Since Wednesday morning, I have been having conversations with people about the election results. And when it comes to the School Board election results, which are of particular interest to me because I have gotten to know many of the people involved, I have spent a fair amount of time in discussion about the "meaning" of the results.
I didn't find the results a surprise, given the primary results, the buzz, and the media endorsements. But I did find some of the specific numbers and margins of victory surprising. For example, I find the number of votes David Blomstrom received alarming. How could 18,562 people (and still counting) vote for him? Are those the voters who haven't read anything about a candidate and just choose based on name? And the margin of victory of Steve Sundquist over Maria Ramirez also surprises me. Everyone I talked with had high opinions of both of the candidates, and I expected the result to be much closer, although I guess the current general election margin (61% to 39%) is actually smaller than it was in the primary (50% to 23%).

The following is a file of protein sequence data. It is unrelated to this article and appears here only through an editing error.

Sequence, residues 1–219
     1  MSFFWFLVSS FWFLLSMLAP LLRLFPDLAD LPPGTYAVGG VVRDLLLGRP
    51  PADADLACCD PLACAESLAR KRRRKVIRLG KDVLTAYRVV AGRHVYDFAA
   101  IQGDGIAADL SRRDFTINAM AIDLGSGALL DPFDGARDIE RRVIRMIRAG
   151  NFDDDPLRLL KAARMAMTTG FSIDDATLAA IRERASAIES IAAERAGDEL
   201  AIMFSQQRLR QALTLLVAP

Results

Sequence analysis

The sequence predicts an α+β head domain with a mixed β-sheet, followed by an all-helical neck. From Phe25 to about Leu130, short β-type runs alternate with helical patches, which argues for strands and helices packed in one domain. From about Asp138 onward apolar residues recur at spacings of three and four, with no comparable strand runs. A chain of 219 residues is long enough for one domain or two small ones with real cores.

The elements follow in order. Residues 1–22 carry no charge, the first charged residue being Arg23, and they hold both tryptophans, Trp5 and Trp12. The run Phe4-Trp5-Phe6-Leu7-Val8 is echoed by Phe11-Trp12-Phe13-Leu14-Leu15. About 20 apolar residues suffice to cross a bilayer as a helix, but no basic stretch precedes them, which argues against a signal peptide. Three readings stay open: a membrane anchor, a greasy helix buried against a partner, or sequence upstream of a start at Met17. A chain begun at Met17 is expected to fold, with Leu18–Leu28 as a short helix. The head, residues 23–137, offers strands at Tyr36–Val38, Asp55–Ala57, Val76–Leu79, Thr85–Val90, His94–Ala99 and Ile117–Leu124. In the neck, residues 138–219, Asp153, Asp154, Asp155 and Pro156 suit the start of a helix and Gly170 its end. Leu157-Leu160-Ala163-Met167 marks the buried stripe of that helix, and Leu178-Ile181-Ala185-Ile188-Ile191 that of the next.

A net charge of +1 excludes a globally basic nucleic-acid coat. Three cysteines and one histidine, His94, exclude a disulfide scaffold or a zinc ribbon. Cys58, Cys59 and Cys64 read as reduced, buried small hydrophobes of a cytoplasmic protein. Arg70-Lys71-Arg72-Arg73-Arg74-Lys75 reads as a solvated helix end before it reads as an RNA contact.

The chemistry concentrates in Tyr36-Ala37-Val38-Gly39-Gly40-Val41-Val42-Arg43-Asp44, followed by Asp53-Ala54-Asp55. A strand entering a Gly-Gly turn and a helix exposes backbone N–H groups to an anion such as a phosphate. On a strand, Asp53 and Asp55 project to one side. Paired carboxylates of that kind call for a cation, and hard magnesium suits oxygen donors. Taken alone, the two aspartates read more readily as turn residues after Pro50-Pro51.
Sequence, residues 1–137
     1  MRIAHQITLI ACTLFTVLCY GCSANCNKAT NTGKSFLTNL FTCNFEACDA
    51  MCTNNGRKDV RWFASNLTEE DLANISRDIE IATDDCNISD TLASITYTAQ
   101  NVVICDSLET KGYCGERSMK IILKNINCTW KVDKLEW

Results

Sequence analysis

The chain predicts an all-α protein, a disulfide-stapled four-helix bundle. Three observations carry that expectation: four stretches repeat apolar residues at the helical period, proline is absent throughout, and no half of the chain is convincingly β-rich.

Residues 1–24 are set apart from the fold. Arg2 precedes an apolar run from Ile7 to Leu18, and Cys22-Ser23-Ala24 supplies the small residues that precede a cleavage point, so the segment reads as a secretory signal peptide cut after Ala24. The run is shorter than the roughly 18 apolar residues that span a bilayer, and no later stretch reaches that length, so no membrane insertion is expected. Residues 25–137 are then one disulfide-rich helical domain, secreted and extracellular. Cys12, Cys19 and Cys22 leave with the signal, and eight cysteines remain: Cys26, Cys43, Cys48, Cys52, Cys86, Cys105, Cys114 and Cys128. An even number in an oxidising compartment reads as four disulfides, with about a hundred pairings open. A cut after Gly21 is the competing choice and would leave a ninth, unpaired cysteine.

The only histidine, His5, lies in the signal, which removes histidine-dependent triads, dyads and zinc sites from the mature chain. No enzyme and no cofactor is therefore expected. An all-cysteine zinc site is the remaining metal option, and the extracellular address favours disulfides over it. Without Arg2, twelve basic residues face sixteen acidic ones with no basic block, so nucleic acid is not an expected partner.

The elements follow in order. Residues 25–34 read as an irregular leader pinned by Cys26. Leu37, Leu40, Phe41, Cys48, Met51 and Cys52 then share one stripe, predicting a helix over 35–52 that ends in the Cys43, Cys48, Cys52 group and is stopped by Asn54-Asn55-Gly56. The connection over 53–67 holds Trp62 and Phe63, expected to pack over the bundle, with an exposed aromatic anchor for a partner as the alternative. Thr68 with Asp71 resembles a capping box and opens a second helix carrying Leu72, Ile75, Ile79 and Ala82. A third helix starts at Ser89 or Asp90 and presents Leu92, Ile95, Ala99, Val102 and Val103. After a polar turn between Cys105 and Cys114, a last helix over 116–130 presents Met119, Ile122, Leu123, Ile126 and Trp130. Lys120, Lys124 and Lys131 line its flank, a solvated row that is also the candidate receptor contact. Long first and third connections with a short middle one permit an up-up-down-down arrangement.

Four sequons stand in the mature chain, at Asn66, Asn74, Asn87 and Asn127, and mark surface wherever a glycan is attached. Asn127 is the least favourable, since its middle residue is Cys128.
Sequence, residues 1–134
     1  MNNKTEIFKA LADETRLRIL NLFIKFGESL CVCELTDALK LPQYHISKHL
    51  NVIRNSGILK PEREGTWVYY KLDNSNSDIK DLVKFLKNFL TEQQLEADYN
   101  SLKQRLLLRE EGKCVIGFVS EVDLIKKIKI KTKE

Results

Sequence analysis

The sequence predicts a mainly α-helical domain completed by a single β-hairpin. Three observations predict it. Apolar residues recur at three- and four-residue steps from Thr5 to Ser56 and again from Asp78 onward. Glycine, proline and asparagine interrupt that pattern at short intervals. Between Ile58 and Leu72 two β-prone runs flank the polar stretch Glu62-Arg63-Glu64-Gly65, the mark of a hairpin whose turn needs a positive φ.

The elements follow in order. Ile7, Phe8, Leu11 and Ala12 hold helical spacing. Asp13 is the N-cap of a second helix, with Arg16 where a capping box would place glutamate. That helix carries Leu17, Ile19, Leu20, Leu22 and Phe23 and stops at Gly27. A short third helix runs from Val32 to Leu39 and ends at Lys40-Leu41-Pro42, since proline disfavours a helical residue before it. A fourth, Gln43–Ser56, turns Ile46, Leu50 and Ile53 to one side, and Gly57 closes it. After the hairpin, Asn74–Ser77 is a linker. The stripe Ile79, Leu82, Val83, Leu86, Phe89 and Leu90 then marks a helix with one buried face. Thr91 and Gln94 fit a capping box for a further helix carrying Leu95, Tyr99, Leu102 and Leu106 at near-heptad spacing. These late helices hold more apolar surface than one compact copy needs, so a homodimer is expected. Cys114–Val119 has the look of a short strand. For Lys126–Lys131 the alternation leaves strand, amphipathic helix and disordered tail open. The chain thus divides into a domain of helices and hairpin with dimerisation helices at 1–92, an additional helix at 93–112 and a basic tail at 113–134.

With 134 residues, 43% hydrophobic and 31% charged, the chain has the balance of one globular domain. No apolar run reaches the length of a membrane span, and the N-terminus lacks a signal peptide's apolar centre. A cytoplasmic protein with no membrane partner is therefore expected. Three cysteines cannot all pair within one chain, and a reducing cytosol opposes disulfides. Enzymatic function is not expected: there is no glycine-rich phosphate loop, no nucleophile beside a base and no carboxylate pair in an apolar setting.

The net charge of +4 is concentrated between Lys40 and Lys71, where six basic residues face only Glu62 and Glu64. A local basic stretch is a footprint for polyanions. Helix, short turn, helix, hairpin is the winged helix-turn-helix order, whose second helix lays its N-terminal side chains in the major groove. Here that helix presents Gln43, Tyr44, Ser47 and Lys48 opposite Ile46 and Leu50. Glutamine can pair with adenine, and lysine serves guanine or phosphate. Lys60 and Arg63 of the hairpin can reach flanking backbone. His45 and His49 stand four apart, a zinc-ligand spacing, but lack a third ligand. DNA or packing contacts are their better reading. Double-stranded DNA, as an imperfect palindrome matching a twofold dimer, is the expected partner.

I hope that all three of the intelligent and principled losers in the School Board races---Maria Ramirez, Sally Soriano and Darlene Flynn---will stay active in Seattle School politics. Their activist voices are extremely important to ensure a balance in the discussion about our public schools. (Of course, the same can be said for Brita Butler-Wall and Irene Stewart, who didn't run for re-election.)
To read another person's interpretation of the School Board election results, read former Board member Dick Lilly's piece in Crosscut today, Why voters expelled the Seattle School Board class of 2003.